Much ink has been assigned to Sweden for its distinct approach to COVID-19 among Western nations. As more jurisdictions wrestle with lifting economic restrictions, Sweden is both praised and condemned.
People readily condemn Stefan Löfven’s Social Democrat (Sweden’s NDP equivalent) government for not emulating China and for violating what Swedish academicians called the “lockdown consensus.” For its less restrictive approach in letting the population build natural immunities progressively (the so-called “herd immunity”), the Social Democrats were called callous, irresponsible, and even cruel.
While life during COVID-19 in Sweden hardly goes on business-as-usual, the country’s borders are not closed. Schools did not close. No draconian confinement orders were issued. Shops, bars and restaurants remained open voluntarily. There is a ban on public gatherings for more than 50 people, but domestic travel is unrestricted.
Government-issued guidelines recommend keeping physical distance, self-isolate when returning from abroad, work from home when possible, and maintaining hygienic practices. But people’s liberties have not been curtailed by law in the name of safety. What is more, the Swedish health system is far from incapacitated, as many had predicted, and government has gone about its business without the political overreaction found among those in the “lockdown consensus.”
The Swedish approach sought principally to protect the most vulnerable, even if more than half the deaths registered there have occurred in care facilities for the elderly, much like in other countries implementing full lockdowns, including Canada. There will need to be a serious reckoning about how we warehouse the elderly.
Conversely, those praising the Swedish strategy argue that even though Sweden’s death rate is higher than those among its Scandinavian neighbors, Sweden’s results are consistent with the European average and are lower than in many similar countries with hard lockdowns.
Expressed in deaths per million inhabitants as of May 10, Sweden’s 322 compare favourably to Belgium’s 751; Spain’s 527; Italy’s 508; UK’s 472 and France’s 408. Canada’s, for reference, is 132.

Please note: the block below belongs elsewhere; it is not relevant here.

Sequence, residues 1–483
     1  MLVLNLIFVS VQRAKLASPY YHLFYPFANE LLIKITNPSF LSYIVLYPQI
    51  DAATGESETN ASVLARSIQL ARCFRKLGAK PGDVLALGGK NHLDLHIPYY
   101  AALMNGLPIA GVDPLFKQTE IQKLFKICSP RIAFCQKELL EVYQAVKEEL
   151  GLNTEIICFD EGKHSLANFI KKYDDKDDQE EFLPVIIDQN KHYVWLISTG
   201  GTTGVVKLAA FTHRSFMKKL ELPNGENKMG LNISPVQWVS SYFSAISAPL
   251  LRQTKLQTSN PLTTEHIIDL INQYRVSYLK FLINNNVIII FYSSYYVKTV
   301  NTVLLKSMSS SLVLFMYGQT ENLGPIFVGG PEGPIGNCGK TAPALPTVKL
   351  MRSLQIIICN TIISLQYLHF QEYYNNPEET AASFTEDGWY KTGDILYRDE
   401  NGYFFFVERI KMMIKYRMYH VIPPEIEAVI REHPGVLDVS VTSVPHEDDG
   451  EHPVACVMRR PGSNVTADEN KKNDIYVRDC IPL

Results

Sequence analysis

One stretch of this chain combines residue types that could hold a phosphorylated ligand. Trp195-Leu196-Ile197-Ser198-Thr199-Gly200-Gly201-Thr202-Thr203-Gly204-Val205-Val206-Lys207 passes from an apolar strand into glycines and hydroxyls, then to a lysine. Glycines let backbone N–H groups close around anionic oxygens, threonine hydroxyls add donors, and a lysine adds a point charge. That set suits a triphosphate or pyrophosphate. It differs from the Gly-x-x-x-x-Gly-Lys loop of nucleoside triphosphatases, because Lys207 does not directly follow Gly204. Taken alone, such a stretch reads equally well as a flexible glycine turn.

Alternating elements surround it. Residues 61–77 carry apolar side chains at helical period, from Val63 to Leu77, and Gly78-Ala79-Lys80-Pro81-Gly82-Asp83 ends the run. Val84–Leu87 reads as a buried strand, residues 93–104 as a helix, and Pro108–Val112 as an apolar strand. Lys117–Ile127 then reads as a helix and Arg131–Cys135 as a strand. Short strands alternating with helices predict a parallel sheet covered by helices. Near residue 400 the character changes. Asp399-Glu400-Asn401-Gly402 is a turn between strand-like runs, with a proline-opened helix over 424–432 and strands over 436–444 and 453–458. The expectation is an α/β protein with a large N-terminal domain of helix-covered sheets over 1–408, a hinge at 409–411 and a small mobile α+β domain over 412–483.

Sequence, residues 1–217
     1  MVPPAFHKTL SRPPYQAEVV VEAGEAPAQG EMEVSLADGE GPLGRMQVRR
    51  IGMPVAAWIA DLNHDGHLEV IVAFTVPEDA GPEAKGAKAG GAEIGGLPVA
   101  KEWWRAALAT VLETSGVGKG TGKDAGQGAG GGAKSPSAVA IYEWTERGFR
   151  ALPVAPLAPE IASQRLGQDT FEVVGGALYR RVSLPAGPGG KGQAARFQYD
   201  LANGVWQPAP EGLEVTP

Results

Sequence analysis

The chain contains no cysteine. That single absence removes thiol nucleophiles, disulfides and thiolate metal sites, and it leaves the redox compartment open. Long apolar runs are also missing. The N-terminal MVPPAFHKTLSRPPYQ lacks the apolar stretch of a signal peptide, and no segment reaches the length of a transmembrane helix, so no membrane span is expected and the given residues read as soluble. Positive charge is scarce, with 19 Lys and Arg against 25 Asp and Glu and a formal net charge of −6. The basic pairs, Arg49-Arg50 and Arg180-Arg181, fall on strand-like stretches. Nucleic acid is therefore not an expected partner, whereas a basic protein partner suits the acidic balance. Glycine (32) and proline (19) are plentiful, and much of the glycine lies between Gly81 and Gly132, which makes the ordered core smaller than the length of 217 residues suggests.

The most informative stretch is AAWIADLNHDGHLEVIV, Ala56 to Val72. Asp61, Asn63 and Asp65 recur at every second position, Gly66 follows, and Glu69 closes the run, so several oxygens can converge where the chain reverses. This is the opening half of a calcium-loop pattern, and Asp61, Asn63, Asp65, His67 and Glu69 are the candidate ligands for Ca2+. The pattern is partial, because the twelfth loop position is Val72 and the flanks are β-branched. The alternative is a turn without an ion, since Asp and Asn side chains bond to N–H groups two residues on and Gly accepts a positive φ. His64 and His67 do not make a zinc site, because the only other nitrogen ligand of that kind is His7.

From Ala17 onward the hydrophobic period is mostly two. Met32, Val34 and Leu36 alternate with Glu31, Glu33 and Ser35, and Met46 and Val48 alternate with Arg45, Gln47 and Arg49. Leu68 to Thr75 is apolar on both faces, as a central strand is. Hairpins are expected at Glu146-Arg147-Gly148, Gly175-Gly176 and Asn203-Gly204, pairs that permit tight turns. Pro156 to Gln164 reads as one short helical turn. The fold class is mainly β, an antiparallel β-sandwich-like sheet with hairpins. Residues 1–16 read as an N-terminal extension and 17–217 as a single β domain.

In percentages of infected: Sweden has 12.3 percent deaths; Netherlands and Hungary, 12.8; Italy, 14; United Kingdom, 14.5; France, 15; Belgium 16.3. Canada’s is 7.2.
The expected superior performance of the Swedish economy to locked-down states has not materialised. Government statistics and expert watchers note that Sweden’s economy is suffering as much as other European states. Similarly, projections for the aftermath put Sweden’s economy contracting at comparable rates than locked down countries with equivalent numbers of bankruptcies, job losses, damage to markets and supply chains.
For all the praises and condemnations Sweden receives, it is too early for final evaluations in either direction. But it’s clear Sweden’s results so far are not the dark disaster many predicted, nor have they yielded the substantive economic fruits some expected. Though unlikely, things might get worse for Sweden. But as immunity builds among its general population, possible second and third waves of infection in other countries favour Sweden.
The Swedish achievement – with great respect to the dead and suffering – may not protect more lives and save more jobs. Rather, the Swedish achievement in the face of international panic and internal moral pressures lies in remaining fiercely true to their political traditions and democratic institutions.
In maintaining its independence of action based on established scientific evidence instead of fear-motivated models, Sweden has preserved and strengthened the crucial bond of trust between government and its civil community. In time, it may become its most important achievement in this pandemic.
The government and governors trust the Swedish people. Swedes in turn trusted their government and governors to protect them without succumbing to the temptation to run their lives and trample their traditions of liberty, without undermining their own legal foundations, without intimidating police actions, without outrageous fines handed to people already hurting with no work, without state threats depriving oxygen to free expression, without curtailing the freedom to earn a living and care for one’s loved ones, without the crass settling of scores against industries out of favour with the partisan policy of an ultra-ideological government, without the abusive attempt at grabbing powers well beyond all existing emergency legislation, without giving individual government officials the use of unchecked power that under less panicked circumstances no one even would entrust to whole legislatures.
Maintaining and preserving that trust so vital to healthy liberal democratic institutions is a unique blessing a people can give itself, specially in times of crisis.
Canadians in Ottawa and in every province, public servants and the elected alike, ought to take note.